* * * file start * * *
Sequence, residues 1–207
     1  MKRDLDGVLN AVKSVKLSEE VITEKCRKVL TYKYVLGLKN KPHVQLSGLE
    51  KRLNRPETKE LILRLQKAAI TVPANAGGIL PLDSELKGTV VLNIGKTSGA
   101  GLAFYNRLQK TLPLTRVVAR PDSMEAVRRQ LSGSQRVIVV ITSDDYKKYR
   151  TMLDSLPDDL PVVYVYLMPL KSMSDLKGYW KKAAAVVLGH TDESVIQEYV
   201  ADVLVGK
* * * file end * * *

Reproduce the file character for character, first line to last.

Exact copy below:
Sequence, residues 1–207
     1  MKRDLDGVLN AVKSVKLSEE VITEKCRKVL TYKYVLGLKN KPHVQLSGLE
    51  KRLNRPETKE LILRLQKAAI TVPANAGGIL PLDSELKGTV VLNIGKTSGA
   101  GLAFYNRLQK TLPLTRVVAR PDSMEAVRRQ LSGSQRVIVV ITSDDYKKYR
   151  TMLDSLPDDL PVVYVYLMPL KSMSDLKGYW KKAAAVVLGH TDESVIQEYV
   201  ADVLVGK